The existing evidence suggests that the increasing concern for national security entails redefining the criminal process. Various authors agree that the law enforcement problems are remarkably different, which poses the need for policing agencies to adopt different approaches. Banks (2016) observed that law enforcement agencies in the U.S. have broken the old accepted views that once guided the criminal process. In this respect, Banks noted that the “War in terror” has played a key role in the emergence of a novel criminal process characterized by a shift from the conventional tactics used in the investigation, prosecution, and punishment of individuals suspected of participating in a conduct, which warrants criminal penalties, regardless of whether or not the conduct is deemed as terrorism. Banks further asserted that the emergence of the new criminal process is congruent with the constitutional standards that are shifting because of the pressures driving this new development, which stems from the increased concern for national security. Jarvis & Lister (2014) outlined two attributes associated with this new development, which include extending beyond the limits of what is conventionally determined as the criminal justice system and that what overlaps with the way people have come to embrace the traditional or normal criminal process. The outcome of this development is that policing has evolved to become akin to war wherein it is becoming difficult to distinguish between military actions and police actions (Brunson, 2015). The underlying inference is that military and police activities are converging as evidenced by the development of the new criminal process, which is being accelerated by the increased concern for national security.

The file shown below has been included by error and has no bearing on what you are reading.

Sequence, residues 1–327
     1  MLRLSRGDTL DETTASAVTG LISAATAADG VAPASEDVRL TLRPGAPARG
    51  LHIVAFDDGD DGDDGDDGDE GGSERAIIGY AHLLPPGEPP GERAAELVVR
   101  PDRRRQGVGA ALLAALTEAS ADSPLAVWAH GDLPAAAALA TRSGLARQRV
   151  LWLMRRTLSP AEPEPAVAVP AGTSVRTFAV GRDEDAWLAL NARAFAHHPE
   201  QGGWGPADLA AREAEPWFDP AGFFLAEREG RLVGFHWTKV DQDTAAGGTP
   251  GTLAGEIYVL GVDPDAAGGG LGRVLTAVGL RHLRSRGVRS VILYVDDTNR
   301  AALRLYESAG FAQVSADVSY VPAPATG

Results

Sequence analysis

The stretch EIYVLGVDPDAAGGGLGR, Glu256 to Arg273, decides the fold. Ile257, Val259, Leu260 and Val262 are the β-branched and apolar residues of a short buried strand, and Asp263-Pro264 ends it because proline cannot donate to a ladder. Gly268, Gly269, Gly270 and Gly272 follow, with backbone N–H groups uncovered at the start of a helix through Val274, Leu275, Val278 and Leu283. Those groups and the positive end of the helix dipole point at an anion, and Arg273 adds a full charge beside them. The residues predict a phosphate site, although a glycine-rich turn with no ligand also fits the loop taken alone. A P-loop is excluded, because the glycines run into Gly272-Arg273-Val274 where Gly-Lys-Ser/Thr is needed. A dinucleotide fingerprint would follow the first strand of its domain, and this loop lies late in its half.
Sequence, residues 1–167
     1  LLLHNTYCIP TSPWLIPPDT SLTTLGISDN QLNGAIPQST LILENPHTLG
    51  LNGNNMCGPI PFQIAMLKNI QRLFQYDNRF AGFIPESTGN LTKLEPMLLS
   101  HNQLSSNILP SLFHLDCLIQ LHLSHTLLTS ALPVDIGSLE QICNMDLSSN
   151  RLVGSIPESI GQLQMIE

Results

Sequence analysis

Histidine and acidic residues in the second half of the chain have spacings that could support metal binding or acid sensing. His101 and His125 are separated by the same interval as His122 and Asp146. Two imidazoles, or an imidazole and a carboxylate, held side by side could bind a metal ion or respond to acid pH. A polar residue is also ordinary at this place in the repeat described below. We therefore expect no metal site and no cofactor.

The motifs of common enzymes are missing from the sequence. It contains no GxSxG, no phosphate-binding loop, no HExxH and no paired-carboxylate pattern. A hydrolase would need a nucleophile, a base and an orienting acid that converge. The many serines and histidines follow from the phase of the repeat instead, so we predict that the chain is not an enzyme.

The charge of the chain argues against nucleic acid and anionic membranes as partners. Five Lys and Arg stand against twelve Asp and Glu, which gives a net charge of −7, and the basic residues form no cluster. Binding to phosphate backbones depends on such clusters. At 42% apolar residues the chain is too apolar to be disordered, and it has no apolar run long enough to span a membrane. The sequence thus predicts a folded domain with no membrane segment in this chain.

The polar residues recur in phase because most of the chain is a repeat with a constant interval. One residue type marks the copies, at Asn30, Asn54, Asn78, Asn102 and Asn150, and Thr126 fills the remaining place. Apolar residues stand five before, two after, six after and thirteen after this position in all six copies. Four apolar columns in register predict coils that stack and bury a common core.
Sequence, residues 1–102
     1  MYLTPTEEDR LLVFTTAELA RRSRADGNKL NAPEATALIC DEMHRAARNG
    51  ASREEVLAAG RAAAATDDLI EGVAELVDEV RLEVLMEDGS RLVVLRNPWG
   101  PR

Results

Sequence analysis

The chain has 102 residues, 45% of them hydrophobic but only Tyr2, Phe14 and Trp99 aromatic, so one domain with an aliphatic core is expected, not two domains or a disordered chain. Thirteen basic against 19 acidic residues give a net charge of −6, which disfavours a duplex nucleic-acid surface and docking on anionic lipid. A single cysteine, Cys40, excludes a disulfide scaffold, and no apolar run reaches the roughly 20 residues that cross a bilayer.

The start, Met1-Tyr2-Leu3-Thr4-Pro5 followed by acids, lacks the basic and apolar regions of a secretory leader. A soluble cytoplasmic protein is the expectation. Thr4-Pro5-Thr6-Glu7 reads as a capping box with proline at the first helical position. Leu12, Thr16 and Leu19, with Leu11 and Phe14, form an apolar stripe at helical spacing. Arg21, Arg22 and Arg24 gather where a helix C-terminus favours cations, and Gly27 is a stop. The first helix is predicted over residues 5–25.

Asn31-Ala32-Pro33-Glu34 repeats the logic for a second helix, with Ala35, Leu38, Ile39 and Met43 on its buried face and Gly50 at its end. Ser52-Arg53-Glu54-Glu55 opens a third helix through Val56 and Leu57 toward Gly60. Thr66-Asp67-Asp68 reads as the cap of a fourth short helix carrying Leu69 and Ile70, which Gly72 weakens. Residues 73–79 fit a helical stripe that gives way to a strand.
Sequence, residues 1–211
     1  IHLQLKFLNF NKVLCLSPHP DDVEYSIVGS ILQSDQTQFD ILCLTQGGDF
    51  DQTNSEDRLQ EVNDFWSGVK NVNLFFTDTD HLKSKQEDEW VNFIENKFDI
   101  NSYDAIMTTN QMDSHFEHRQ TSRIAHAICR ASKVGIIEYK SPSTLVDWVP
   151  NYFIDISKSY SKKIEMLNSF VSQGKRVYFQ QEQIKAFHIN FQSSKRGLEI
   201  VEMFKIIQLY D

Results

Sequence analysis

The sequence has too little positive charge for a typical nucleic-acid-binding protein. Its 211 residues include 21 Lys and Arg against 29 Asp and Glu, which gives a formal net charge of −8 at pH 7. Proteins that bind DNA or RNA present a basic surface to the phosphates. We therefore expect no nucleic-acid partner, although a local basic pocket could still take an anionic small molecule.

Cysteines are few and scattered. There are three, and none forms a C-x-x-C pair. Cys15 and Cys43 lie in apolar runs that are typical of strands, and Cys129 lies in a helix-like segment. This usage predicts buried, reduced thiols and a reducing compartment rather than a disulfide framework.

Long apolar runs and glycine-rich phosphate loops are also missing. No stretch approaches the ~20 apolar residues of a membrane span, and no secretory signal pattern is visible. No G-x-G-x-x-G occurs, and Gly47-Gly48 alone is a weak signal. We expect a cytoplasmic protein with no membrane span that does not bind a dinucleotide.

Both domestic and international law prohibits the utilization of aggressive interrogation of individuals suspected of engaging in terror activities. Thus, international law and federal statutes outlaw the use of torture (Brunson, 2015). Moreover, degrading, inhuman, and cruel punishment or treatment is prohibited under international law. Moreover, the Constitution places limits to the use of violence by the government. These constraints describe the acceptable investigation tactics that can be used in law enforcement (Hasisi & Weisburd, 2014). However, the heightened homeland security concern is redefining these standards. For instance, in 2002, the Office of Legal Counsel (OLC) under the Department of Justice stated that these prohibitions allow the use of interrogation not intended to result in harm or severe pain, which, in this case, refers to pain resulting in serious physical injury, such as the failure of organs, death, or impaired body functions (Hasisi & Weisburd, 2014). These techniques were justified on the grounds of necessity. As a result, interrogation techniques that are tough and aggressive but safe are considered the new norm.